One possibly apocryphal story of the birth of the brownie is that early in the 20th century a Maine housewife, frustrated that her just-baked chocolate cake fell, cut and served the collapsed cake, to great family acclaim, in squares. Brownies became widely popular in the 1920s, when women learned how easy they were to make and food companies offered a wide range of new flavor combinations. Some featured oatmeal, some raisins, some coconut, molasses, peppermint or chocolate chips. But the most unusual new flavor arrived in the 1950s, courtesy of Miss Alice B. Toklas.
The Autobiography of Alice B. Toklas was, famously, not written by Alice at all. It was the handiwork of her long-time lover and companion, Gertrude Stein. The two lived together in Paris and rural France from 1908 until Stein’s death in 1946, during which time they broke bread with a high bohemian circle of friends including, among many others, Pablo Picasso, Ernest Hemmingway and Thornton Wilder. Alice signed a contract to write a cookbook in 1952. From the publisher’s perspective, a memoir of her life with Stein, with a few recipes thrown in, was a consummation devoutly to be wished. And the Alice B. Toklas Cookbook indeed did reminisce about life among the artists of Paris and the French countryside during a period that included two world wars; But it devoted more typeface to an analysis of housekeepers and cooks who worked for the pair over the years.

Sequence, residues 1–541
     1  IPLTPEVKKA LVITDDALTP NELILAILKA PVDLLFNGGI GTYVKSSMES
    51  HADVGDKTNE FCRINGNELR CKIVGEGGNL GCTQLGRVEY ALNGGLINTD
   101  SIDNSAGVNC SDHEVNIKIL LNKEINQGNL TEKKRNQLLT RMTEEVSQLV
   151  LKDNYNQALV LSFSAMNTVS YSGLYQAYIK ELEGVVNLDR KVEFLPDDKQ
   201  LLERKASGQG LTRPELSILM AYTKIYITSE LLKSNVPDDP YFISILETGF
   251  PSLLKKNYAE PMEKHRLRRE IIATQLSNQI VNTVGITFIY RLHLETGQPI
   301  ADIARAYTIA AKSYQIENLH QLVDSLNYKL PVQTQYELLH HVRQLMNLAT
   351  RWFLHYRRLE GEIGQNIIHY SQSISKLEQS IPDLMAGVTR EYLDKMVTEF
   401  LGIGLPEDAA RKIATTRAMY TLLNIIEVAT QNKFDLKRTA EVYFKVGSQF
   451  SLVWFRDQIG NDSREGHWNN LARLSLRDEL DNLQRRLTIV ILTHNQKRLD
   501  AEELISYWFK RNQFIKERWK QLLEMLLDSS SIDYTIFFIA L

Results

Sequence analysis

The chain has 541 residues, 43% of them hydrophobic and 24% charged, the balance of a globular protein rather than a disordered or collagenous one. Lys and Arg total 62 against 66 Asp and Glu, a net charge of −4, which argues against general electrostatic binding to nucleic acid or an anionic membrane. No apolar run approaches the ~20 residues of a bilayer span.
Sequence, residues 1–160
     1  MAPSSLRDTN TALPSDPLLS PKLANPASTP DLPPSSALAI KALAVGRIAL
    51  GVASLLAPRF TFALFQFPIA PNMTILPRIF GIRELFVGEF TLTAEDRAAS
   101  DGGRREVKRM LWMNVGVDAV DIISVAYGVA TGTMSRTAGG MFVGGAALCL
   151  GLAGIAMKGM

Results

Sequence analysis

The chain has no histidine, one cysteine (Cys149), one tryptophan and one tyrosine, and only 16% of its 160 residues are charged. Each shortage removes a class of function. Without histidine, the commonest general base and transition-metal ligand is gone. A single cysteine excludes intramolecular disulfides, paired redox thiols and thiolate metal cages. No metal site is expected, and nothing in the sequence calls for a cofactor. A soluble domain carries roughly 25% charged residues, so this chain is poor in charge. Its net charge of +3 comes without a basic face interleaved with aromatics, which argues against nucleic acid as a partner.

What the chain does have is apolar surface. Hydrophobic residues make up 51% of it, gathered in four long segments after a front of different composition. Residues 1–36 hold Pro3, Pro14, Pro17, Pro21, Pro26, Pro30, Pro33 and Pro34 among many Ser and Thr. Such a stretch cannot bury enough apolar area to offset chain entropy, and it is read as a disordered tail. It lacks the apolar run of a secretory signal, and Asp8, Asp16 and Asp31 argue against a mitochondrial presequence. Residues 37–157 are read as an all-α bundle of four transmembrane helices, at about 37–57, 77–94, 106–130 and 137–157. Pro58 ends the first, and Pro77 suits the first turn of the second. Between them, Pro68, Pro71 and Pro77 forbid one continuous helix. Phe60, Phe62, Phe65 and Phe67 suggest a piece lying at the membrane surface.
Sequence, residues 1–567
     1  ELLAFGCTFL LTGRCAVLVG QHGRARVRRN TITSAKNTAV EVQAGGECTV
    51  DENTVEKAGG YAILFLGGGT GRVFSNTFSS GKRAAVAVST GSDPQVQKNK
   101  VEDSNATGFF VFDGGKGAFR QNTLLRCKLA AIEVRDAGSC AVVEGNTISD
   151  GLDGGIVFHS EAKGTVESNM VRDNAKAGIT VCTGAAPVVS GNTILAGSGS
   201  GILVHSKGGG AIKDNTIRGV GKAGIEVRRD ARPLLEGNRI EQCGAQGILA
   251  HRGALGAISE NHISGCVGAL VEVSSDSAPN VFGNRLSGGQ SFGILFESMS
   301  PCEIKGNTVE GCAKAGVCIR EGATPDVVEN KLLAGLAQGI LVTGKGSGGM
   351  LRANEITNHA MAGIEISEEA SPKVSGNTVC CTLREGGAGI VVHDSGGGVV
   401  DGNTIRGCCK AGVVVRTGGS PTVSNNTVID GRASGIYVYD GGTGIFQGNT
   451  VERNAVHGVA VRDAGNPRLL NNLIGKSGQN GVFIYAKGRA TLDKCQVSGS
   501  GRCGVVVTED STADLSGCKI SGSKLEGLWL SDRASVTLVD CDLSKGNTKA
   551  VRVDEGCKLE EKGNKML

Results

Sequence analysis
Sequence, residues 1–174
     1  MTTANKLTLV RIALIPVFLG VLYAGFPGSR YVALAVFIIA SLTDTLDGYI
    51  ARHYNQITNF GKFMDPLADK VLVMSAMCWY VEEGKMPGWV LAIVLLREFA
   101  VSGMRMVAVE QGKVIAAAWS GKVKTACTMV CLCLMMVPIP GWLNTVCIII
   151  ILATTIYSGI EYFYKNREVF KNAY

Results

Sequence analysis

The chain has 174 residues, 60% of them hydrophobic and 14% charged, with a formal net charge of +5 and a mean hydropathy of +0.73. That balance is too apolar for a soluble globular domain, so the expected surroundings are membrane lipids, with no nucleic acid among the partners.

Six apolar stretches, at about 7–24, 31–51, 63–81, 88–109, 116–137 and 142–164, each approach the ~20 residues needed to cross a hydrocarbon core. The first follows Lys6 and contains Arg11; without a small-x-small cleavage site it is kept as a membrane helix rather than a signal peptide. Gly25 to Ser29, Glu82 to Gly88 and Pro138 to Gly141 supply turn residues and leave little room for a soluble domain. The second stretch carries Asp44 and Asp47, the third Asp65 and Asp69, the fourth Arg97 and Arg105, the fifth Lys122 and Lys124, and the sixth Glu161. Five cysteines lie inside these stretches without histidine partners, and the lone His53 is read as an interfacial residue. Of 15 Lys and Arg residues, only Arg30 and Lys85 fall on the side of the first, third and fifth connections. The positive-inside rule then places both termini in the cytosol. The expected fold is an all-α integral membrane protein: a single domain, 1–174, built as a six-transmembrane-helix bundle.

As the manuscript deadline approached Alice, now in her seventies, realized that she needed more recipes, and she began to solicit them from friends. One such was a painter named Brion Gysin, who gave Alice a recipe for what he called “hachigh fudge.” With no time to test the recipes contributed, Alice simply added them to her manuscript and forwarded it to her publisher. She may not have understood, given Gysin’s spelling, what the “fudge” contained. American editors spotted the questionable ingredient and eliminated the recipe, but the British edition didn’t, and hashish brownies were born. (Brownie may be a misnomer—this is indeed more like fudge.) Here is the recipe, with supplementary text probably from Mr. Gysin:
“This is the food of Paradise – of Baudelaire’s Artificial Paradises: It might provide entertaining refreshment for a Ladies Bridge Club or a chapter meeting of the DAR (Daughters of the American Revolution). In Morocco it is thought to be good for warding off the common cold in damp weather and is, indeed, more effective if taken with large quantities of hot mint tea. Euphoria and brilliant storms of laughter, ecstatic reveries and extensions of one’s personality on several simultaneous planes are to be complacently expected. Almost anything Saint Theresa did, you can do better if you can bear to be ravished by un evanouissment reveille.
Take 1 teaspoon black peppercorns, 1 whole nutmeg, 4 average sticks of cinnamon, 1 teaspoon coriander. These should all be pulverized in a mortar. About a handful each of de-stoned dates, dried figs, shelled almonds and peanuts: chop these and mix them together. A bunch of cannabis sativa can be pulverized. This along with the spices should be dusted over the mixed fruit and nuts, kneaded together. About a cup of sugar dissolved in a big pat of butter. Rolled into a cake and cut into pieces or made into balls about the size of a walnut, it should be eaten with care. Two pieces are quite sufficient.
Obtaining the cannibis may present certain difficulties, but the variety known as cannabis sativa grows as a common weed, often unrecognized, everywhere in Europe, Asia and parts of Africa; besides being cultivated as a crop for the manufacture of rope. In the Americas, while often discouraged, its cousin, called cannabis indica, has been observed even in city window boxes. It should be picked and dried as soon as it has gone to seed and while the plant is still green.”